Many transit enthusiasts are very protective of their photography and add watermarks and strict rules on how the photo can(not) be used by others. On the other hand, I’m all right with others using my photos so long as they give appropriate credit (for those with eagle eyes, yes there are a couple other stipulations in the specific license I use). The Creative Commons licenses allow me to retain ownership of my photos and at the same time allow others to use my photos. Others are free to use the photos as they wish (mostly) as long as attribution is given, usually in the form of a link.
If you are interested in learning more about Creative Commons licensing, PCWorld has an informative article on protecting artistic works with Creative Commons licensing. The article goes over common questions and concerns when using the license.
If you have any experiences with Creative Commons licensing, feel free to leave a comment.
Two weekends ago, I co-chaperoned four youth from our parish on a trip to Ignite Your Torch NW, a Catholic youth conference held at St. Martin’s University in Lacey, WA. I thoroughly enjoyed the experience, and this blog post documents a bit of that.
Yesterday, we had a company outing to a baseball game at Nat Bailey Stadium (Vancouver Canadians vs. Everett AquaSox). I believe this was the first time I have watched a sports game in person, so it was quite exciting even though it wasn’t MLB.
The first few innings weren’t really interesting with quick outs. Vancouver finally scored a few runs to win the game. Watching in person has its benefits and drawbacks. The benefit is that you get to see everyone on the field, but the drawback is that you’re confined to one viewing angle. The TV definitely offers better angles during the pitch.
This reminded me of when I played baseball many years ago. I played a couple years of little league baseball at the local community centre when I was in grades 2-5. It was both a fun and frustrating time. In my last year, I was the main pitcher on my team and that was definitely fun. It was frustrating because I was a horrible batter.
The option button can be used to reveal hidden options and information in various places around Mac OS. One example of this is if you option-click the Wi-Fi icon in the menu bar, you will be presented with additional information about the network you are currently connected to, including the type of the Wi-Fi you’re using, the base station’s MAC address, the frequency channel you’re on, and the strength of the connection, among other details. In addition, there is an additional option to open Wireless Diagnostics which might be able to help you with Wi-Fi issues (however, in my experience it doesn’t really give useful information).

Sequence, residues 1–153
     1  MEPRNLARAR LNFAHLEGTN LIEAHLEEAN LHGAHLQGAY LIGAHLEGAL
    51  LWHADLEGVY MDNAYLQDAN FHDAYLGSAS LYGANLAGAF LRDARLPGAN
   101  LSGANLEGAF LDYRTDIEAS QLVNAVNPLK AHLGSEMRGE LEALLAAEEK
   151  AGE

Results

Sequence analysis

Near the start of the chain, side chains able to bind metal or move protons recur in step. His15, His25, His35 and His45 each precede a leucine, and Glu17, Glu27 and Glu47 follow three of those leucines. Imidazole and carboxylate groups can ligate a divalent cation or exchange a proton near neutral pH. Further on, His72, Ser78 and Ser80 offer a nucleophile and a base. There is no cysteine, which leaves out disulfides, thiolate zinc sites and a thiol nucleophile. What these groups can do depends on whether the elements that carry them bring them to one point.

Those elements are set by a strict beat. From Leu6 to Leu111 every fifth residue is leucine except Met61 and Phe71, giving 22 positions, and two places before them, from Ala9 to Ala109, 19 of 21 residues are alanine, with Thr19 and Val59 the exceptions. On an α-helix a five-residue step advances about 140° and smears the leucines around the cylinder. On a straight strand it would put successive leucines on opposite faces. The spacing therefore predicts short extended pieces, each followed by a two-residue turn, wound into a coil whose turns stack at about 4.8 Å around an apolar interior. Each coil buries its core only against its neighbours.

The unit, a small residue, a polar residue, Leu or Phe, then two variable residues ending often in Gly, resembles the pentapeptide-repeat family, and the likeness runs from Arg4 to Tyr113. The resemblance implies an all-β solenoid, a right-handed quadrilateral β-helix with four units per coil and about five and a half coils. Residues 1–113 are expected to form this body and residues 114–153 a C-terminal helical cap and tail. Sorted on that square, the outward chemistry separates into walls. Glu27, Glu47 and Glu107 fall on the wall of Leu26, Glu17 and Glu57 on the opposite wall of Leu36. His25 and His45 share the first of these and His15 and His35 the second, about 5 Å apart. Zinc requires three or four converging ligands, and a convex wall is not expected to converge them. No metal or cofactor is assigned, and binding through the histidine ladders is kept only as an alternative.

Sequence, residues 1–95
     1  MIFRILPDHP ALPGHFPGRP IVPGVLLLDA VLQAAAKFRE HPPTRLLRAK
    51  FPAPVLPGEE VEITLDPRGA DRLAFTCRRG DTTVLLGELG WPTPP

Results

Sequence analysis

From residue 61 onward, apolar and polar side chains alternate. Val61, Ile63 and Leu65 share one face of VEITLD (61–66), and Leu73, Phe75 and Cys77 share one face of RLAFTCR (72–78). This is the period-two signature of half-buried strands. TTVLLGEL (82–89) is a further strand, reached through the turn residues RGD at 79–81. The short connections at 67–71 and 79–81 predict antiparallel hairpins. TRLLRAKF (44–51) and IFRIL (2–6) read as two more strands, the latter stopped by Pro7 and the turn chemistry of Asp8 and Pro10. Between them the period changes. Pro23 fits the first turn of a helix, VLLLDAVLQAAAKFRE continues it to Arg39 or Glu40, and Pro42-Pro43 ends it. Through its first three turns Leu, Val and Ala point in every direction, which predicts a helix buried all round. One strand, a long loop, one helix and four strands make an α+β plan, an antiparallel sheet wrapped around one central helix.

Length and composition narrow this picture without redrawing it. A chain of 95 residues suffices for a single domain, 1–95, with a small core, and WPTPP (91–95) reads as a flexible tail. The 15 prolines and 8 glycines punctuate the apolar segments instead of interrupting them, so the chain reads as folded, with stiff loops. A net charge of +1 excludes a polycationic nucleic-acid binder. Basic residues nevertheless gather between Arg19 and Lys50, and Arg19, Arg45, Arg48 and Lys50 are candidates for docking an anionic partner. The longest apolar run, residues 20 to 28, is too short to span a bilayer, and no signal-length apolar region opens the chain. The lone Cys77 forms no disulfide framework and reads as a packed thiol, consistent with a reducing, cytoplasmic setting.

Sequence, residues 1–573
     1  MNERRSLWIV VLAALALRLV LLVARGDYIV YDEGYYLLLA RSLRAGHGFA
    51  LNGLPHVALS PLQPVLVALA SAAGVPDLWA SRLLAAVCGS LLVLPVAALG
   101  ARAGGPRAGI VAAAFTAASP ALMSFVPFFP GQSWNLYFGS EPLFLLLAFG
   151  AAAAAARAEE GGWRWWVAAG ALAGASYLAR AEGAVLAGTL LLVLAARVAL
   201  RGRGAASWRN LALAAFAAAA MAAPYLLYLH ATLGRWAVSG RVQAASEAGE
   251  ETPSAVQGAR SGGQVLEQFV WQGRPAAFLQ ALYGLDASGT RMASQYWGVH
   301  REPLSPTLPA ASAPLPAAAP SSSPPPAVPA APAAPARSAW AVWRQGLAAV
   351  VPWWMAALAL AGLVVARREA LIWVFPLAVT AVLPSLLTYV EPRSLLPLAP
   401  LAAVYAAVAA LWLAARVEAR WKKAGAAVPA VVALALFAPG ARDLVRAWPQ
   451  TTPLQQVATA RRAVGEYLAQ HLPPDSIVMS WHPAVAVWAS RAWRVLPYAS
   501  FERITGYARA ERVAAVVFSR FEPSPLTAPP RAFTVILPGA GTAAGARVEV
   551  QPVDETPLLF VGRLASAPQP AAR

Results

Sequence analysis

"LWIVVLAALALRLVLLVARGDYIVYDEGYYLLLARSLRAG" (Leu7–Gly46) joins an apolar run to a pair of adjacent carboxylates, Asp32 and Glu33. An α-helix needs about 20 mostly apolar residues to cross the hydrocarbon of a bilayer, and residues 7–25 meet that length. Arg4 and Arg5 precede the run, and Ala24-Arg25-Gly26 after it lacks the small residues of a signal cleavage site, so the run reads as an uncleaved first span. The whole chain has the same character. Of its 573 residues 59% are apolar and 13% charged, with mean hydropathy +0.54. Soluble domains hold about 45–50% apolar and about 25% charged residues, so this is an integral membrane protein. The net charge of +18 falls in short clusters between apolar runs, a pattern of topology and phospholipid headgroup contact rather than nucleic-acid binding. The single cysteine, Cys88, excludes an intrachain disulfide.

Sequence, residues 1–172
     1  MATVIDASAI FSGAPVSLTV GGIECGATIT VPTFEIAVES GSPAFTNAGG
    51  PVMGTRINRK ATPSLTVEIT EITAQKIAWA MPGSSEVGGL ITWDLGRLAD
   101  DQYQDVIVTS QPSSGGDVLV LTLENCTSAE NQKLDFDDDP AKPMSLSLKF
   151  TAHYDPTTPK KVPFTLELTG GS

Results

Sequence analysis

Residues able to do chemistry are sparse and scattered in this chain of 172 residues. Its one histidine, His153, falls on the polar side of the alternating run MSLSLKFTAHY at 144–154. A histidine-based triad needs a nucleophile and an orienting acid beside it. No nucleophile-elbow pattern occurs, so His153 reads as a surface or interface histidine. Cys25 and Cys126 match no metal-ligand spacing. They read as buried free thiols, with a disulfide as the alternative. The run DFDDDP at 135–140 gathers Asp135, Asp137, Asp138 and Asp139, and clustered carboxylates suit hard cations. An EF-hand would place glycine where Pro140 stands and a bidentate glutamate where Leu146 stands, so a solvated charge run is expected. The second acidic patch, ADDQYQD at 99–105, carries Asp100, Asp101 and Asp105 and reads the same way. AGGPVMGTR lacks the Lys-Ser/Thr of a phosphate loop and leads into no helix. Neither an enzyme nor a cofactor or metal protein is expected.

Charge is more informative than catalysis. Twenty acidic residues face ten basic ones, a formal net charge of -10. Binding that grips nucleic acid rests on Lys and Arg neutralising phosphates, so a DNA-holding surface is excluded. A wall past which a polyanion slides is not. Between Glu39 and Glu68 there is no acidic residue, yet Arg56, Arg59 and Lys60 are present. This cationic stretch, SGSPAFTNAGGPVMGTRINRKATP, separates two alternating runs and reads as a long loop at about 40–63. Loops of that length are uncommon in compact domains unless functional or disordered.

An additional tool to help debug network connections is a neat little utility called “Network Utility” that comes bundled with Mac OS X. You can find it in the Utilities subfolder in the Applications folder, or just use Spotlight to find it.
This utility provides a friendly interface for many tools that are commonly used on the command line for network debugging, such as ping, nslookup, traceroute, whois, and finger. An interesting tool though is the last tab: Port Scan. Yes, Mac OS comes with a port scanner bundled with it. Obviously one would hope that the port scanner be used for diagnostic purposes and not malicious purposes.
Most of the answers are geared towards managers in companies, in particular, tech companies. However, as managers are leaders, I think that some points can also be extrapolated out as tips for leaders in general.
In the past few weeks, I’ve been involved in ramping up the volunteer council of the YLM program this year, and I was able to spend some time reflecting on different leadership styles. Based on my personal experience in different roles at work and the groups that I volunteer with, the following points from the article resonated with me in particular. I think are easily applicable, but not limited to, a volunteer setting. (These generally correspond with the order of points in the first answer in the article in case you want to read in more detail)
routinely giving constructive feedback and affirming team members in a timely manner
recognizing team members that perform well
knowing the strengths (and weaknesses) of your team members, and what their expectations are
push team members to further develop themselves
create opportunities, and actively seeking people that would fit
optimizing processes (lowering the time doing overhead and administrivia, increasing time doing productive work of value)
ability to say ‘no’ if the team cannot handle it
giving credit to the team members
taking blame for the team
Obviously this is not a comprehensive list of what leaders should do, but just a summary of points from the Quora answer that resonate with me. In fact, I don’t think that any of the above points relate to the core task of a leader (guiding a team to accomplish a goal), but instead are things that differentiate a leader that just gets the job done with one that develops the team itself.
If you have any other thoughts about this list or leadership qualities in general, let me know in the comments.